"I hope that the one thing that comes out of this is - and that Joshua didn't die in vain - is to realize what the core, fundamental underlying problem is," he said. "It's not law enforcement. In the state of Oklahoma we have cut millions from mental health treatment."
Capt. Shellie Seibert, mental health coordinator for the Tulsa Police Department, said her agency's academy offers 38 hours of education on major mental illnesses, including lectures from outside experts and scenario-based exercises that help officers handle high-stress situations. They're also required by CLEET to dedicate a minimum of two hours of mental health training each year.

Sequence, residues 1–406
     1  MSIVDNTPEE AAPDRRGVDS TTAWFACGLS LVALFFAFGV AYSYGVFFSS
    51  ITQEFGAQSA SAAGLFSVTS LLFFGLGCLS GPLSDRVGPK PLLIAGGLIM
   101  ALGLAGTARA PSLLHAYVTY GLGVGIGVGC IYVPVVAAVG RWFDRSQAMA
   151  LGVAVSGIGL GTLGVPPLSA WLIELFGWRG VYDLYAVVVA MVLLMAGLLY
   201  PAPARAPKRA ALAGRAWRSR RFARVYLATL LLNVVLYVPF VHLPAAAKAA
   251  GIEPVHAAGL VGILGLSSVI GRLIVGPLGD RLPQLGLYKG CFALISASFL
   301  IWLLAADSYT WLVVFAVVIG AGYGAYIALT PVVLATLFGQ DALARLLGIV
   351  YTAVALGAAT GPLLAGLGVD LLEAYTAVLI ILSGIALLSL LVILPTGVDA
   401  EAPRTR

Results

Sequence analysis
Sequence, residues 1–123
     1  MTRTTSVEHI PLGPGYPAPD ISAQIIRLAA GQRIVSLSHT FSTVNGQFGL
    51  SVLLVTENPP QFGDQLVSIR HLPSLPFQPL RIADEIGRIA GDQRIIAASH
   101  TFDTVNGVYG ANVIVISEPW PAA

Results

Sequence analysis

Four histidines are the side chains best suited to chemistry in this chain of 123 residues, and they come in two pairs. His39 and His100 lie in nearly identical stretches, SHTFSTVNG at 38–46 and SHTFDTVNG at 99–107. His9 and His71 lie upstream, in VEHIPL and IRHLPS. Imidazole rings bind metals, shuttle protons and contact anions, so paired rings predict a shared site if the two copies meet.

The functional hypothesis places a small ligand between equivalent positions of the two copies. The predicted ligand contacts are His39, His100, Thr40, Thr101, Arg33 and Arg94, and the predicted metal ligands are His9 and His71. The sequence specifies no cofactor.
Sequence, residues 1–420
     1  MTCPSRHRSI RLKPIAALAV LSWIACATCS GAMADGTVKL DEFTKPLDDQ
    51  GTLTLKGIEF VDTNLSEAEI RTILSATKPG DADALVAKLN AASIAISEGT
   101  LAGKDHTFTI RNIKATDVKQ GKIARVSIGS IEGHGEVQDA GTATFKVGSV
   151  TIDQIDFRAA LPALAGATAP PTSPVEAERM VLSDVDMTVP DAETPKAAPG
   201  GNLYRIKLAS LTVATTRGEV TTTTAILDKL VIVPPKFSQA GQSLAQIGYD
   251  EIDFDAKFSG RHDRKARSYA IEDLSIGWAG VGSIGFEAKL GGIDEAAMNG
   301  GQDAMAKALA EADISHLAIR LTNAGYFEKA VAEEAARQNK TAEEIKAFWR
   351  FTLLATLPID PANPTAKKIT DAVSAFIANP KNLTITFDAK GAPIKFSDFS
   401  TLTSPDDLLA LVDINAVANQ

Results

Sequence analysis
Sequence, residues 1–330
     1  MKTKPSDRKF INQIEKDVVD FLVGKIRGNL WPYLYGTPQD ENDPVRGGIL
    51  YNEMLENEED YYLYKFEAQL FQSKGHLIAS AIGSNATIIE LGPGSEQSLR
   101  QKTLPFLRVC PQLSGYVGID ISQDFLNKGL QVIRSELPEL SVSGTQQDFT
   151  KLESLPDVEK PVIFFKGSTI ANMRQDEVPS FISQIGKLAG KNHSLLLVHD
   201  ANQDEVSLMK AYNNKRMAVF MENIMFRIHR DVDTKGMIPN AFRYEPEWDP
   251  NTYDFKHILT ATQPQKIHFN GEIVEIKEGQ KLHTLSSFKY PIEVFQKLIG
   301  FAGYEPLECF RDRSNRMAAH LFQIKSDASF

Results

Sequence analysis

Additionally, about 135 officers have received voluntary Crisis Intervention Team training. CIT is a national program dedicated to helping authorities better react to situations involving mental illness. The training is more in-depth than what officers receive at the academy. It also gives them a chance to hear members of the National Alliance on Mental Health talk about their own experiences with law enforcement when they were symptomatic.
Officer Donnie Johnson, who also was involved in this month's shooting, completed his CIT training in January. Although some agencies dispatch CIT officers directly to mental health-related calls, Tulsa's police department does not. Officers volunteer for the training to help them with the high volume of mentally ill subjects they interact with during their normal duties.